This government was established only in the merit of people who knew how to let go, and it is now threatened by the insistence on holding on. In other words, the government that has ruled during this year of Shemita is the very embodiment of the ethos of Shemita.
Letting go, relinquishing- that’s precisely what the word Shemita means, and that’s what we’re bidden to do every 7th year. To let go of our right to collect on loans. To relinquish our power as property owners. To cede hard-earned territory.
The current government is the most unlikely one in Israeli history, because its survival depends on all of its members making significant ideological concessions. Yair Lapid conceded pride of place to Naftali Bennett, allowing him to serve as prime minister first, even though electoral logic dictated otherwise. And Bennett conceded his pride, breaking campaign promises and taking enormous political risks that threaten his political support and future. Right wing parties, for the first time ever, agreed to sit with an Arab party, and left-wing parties, in the name of maintaining the status quo, voted in favor of right-wing policies they deeply oppose. The government’s opponents have tried to paint all of these compromises as acts of cynical opportunism, but faced with the prospect of yet another round of elections, with no end to the deadlock in sight, these should rather be seen as heroic sacrifices, the embodiment of the ethos of Shemita.
Whenever some of its members have been unable to make these sacrifices, or have felt that conceding is too threatening and too risky, the government has teetered. But it seems that what may ultimately deal it its death blow will be a much deeper violation of this ethos.
The other side of the Shemita coin is the intriguing idea that it is the refusal to let go, the insistence on holding on, that will ultimately result in our being forced to let go. The punishment for not observing Shemita is exile- “then shall the land make up for its sabbath years throughout the time that it is desolate” (Leviticus 26:34). Why would someone refrain from letting go of the land during Shemita? The answer is simple and still cogent: because they are afraid of losing it. The Torah decrees that this refusal will have precisely the opposite outcome. If you’re not ready to let go of the land, if you stubbornly insist on being its master, if you believe that that insistence is what ensures your security, then you will lose it, and be reminded of who the true master is.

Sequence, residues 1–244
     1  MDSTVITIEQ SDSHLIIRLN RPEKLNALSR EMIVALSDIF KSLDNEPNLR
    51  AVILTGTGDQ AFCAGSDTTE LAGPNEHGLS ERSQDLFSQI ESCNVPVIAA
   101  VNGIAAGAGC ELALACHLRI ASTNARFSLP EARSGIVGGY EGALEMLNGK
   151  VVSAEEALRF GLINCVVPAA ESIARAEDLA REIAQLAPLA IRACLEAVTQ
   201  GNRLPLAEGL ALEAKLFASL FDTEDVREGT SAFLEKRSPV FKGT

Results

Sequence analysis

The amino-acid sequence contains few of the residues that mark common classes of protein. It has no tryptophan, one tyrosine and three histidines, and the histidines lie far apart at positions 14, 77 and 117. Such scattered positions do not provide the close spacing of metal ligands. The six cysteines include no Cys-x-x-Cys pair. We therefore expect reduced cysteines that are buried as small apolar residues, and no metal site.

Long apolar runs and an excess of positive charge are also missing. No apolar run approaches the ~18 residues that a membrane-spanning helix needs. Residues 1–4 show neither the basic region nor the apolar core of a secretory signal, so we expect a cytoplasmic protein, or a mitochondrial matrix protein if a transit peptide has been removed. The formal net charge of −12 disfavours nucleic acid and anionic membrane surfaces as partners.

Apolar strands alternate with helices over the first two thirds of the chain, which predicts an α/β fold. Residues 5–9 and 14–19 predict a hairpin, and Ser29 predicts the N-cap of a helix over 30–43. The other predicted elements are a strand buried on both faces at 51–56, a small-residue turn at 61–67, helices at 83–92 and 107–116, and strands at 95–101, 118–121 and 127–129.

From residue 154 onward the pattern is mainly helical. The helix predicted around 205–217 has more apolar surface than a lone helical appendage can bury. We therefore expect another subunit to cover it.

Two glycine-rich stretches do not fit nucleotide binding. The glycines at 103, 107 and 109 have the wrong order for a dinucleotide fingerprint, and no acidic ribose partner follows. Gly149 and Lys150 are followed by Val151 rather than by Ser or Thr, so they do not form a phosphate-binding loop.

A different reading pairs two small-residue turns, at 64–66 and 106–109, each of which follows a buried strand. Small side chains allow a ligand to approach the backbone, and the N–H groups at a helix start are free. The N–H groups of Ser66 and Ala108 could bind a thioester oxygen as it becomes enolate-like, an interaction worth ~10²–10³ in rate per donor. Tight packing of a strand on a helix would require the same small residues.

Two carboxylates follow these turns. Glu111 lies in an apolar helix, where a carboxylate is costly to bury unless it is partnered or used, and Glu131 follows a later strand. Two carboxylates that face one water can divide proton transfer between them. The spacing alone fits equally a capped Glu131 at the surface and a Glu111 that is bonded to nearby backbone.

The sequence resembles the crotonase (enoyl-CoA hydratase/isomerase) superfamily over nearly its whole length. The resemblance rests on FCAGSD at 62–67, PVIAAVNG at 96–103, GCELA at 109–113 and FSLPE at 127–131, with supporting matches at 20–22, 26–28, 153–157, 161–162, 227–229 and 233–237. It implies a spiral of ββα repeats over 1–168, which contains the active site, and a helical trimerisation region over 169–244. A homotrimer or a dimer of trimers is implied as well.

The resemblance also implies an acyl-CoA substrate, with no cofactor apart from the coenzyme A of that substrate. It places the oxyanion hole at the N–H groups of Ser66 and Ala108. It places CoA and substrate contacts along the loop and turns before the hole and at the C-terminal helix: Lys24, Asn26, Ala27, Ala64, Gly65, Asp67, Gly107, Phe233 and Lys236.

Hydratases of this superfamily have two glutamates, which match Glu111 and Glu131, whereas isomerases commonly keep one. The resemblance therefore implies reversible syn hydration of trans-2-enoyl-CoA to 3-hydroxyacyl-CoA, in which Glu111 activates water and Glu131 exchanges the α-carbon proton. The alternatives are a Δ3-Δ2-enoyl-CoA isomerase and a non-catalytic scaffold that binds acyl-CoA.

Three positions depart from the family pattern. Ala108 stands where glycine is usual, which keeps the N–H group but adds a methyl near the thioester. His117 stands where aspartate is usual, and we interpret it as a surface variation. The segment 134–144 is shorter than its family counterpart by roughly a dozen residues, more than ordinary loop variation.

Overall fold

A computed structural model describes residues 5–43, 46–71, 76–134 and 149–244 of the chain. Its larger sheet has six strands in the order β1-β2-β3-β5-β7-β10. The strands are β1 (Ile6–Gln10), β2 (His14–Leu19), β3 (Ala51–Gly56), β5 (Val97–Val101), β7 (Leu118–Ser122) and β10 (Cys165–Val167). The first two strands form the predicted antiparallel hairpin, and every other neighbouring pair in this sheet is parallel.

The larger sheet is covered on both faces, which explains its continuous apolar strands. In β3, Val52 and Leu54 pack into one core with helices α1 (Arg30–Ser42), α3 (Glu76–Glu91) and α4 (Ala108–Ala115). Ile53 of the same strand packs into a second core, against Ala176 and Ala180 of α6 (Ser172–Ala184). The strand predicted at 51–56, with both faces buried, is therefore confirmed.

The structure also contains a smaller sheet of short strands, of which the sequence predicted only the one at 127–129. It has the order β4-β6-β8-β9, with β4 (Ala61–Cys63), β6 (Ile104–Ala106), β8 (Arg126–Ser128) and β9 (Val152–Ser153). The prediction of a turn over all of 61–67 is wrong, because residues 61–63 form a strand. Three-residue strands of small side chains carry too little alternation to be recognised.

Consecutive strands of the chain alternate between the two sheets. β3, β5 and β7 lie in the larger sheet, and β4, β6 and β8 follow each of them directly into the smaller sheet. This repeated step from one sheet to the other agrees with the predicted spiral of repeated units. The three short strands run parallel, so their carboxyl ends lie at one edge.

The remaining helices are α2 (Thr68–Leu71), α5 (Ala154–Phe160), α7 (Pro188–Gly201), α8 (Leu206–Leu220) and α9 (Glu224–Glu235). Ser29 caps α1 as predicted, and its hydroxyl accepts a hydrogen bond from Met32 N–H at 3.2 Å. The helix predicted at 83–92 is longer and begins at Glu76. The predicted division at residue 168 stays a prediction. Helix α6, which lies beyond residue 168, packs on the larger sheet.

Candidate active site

How haunting, then, that the law that most threatens this Shemita government is the ad hoc law that has enabled Israel to maintain its control over disputed territories for the past 55 years. Full disclosure: I write these lines as a resident of the Judean settlement of Efrat. I don’t think that there is a problem per se with Jews living in any part of the land of Israel. I’m not comfortable speaking about this land as “occupied” because I believe we have valid historical claims to it. But the claim used to justify the status quo and the lack of any creativity or efforts to change it, that letting go of the smallest bit of this territory is a threat to our security, has made us feel and act as if we are masters, and it has made us obtuse to the suffering of the other.
Israel and Israelis are notorious for having a hard time ceding or conceding (remember Bennett’s campaign “We don’t apologize!”). It’s a cultural phenomenon that you encounter everywhere, from the post office, to the parking lot, to the halls of government. And when you’re a small, embattled country in the Middle East, and a small, embattled people in the world, it’s understandable. But Shemita tells us that this attitude is also corrosive, and ultimately, self-destructive. This government marked a hopeful, and almost miraculous departure from this deep-seated norm and need to hold on as much as possible. In this Shemita year, it demonstrated the potential and the power of letting go in order to hold on. And that is something that we dare not give up on.